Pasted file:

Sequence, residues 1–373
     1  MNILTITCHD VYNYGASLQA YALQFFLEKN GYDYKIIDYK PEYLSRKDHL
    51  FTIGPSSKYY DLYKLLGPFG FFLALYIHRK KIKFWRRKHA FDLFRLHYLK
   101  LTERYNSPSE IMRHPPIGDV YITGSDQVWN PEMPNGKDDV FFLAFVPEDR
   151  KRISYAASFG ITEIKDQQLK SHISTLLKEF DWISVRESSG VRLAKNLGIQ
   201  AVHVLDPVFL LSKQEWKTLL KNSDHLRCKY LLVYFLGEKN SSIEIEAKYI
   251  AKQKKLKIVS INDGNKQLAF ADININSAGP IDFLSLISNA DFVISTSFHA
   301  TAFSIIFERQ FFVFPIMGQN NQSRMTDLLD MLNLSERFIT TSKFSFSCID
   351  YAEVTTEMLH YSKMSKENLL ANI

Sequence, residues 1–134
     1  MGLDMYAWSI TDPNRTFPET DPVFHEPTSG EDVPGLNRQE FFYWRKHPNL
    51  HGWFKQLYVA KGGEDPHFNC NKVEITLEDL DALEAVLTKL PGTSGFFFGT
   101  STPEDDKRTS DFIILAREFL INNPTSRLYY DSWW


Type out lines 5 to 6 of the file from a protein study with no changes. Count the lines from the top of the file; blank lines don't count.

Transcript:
   151  KRISYAASFG ITEIKDQQLK SHISTLLKEF DWISVRESSG VRLAKNLGIQ
   201  AVHVLDPVFL LSKQEWKTLL KNSDHLRCKY LLVYFLGEKN SSIEIEAKYI